Asian Shares Mostly Lower After IMF Warning

Asian stocks fell broadly on Wednesday after the International Monetary Fund said the global economy will likely contract by about 3 percent in 2020 amid the spread of the coronavirus, officially known as COVID-19.

As countries implement necessary quarantines and social distancing practices to contain the pandemic, the contraction of the economy is expected to be more severe than the recession of 2008 and 2009, the IMF said.

Chinese shares fell despite the country’s central bank cutting the interest rate on its medium-term funding for financial institutions to a record low in an attempt to combat the economic fallout from the coronavirus health crisis.

The benchmark Shanghai Composite Index ended down 16.11 points, or 0.6 percent, at 2,811.17, while Hong Kong’s Hang Seng Index fell 1.2 percent to 24,145.34.

Japanese shares fell as the yen strengthened against the dollar and reports suggested Prime Minister Sinzo Abe is considering a request made by a coalition partner to pay a cash handout of 100,000 yen per person.

The Nikkei 225 Index dropped 88.72 points, or 0.5 percent, to 19,550.09 after rising over 3 percent the previous day. The broader Topix finished marginally higher at 1,434.07.

Mining and marine transportation companies paced the decliners, while air transportation and land transportation firms ended on a positive note. Market heavyweight SoftBank lost 2 percent and oil company Inpex gave up 4 percent.

Australian markets ended lower after a measure of consumer confidence in the country declined the most on record in April, taking the indicator beyond the global financial crisis lows.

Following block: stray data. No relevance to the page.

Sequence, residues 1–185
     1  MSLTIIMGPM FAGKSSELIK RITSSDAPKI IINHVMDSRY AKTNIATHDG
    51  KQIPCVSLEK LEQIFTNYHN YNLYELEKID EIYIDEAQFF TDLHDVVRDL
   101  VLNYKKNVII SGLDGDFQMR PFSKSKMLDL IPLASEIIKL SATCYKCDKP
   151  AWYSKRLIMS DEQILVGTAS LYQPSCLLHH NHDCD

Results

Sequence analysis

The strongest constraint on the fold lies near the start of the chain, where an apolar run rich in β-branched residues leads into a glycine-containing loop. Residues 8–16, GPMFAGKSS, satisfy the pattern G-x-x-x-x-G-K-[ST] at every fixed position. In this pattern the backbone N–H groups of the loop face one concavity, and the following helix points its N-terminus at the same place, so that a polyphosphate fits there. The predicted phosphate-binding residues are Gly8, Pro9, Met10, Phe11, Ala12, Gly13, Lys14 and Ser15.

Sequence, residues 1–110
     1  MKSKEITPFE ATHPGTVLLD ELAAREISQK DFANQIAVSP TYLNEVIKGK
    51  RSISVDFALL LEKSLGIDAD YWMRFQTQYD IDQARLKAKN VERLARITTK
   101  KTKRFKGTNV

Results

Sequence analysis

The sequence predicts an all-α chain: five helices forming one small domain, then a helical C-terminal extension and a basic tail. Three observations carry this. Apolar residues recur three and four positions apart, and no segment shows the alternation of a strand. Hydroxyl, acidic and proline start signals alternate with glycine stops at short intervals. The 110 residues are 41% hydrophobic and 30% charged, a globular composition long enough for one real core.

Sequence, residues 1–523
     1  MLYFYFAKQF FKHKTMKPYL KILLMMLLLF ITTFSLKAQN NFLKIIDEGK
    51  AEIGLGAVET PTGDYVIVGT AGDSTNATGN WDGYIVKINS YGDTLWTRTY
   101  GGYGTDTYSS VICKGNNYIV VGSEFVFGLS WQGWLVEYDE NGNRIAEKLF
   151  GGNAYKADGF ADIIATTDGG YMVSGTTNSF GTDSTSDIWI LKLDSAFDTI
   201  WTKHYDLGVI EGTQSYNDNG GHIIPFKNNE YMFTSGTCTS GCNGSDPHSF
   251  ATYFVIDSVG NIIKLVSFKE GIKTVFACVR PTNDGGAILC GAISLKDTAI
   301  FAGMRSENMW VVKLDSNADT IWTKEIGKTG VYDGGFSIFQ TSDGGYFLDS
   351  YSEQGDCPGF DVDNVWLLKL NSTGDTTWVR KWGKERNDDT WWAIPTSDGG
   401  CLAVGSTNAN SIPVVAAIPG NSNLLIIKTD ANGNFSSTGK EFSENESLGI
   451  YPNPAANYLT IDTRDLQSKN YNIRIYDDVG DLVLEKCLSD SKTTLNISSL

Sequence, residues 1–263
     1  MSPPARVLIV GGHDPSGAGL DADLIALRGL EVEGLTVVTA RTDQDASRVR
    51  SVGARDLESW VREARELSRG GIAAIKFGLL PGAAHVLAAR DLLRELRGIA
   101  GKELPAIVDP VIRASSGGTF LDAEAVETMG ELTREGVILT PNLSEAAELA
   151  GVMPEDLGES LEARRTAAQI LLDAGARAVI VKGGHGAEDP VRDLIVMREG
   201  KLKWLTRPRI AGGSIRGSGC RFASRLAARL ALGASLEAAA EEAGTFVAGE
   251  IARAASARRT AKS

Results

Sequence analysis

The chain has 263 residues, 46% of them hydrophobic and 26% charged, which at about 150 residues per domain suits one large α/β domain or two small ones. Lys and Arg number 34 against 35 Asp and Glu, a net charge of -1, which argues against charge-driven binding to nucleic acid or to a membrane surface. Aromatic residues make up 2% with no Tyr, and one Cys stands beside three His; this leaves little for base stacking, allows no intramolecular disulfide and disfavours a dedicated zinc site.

The benchmark S&P/ASX 200 Index dropped 21.40 points, or 0.4 percent, to 5,466.70 after the IMF warned Australia could be one of the worst-hit economies in the Asia-Pacific, shrinking by 6.7 percent this year. The broader All Ordinaries Index ended down 19.20 points, or 0.4 percent, at 5,523.30.

Oil and gas stocks were the biggest drag after crude futures in New York plummeted more than 10 percent on Tuesday amid rising oversupply in the global market and worries about plunging demand. Worley, Beach Energy and Santos tumbled 4-6 percent.

Infant formula specialist Bubs Australia soared 5.2 percent. The company reported its highest quarterly gross revenue as sales in China more than doubled in the quarter ended March 31 from the year-ago period.

The South Korean market was closed as the country heads to the polls for parliamentary elections.

New Zealand shares soared after the government said it was confident the country had passed the peak of the coronavirus and that it would unveil further fiscal stimulus this week. With the infection rate slowing in the country, it is expected that lockdown conditions will be eased next Wednesday.

The benchmark NZX 50 Index rallied 250.92 points, or 2.5 percent, to 10,409.94. Vista Group International jumped over 20 percent, Air New Zealand climbed 13.5 percent and Kathmandu Holdings surged 11.6 percent.

U.S. stocks rose sharply overnight to reach their best closing levels in over a month as investors cheered signs of a flattening of the coronavirus curve and reports suggested that ten U.S. states began working on plans to reopen for business.

The Dow Jones Industrial Average rallied 2.4 percent, the tech-heavy Nasdaq Composite spiked 4 percent and the S&P 500 surged 3.1 percent.

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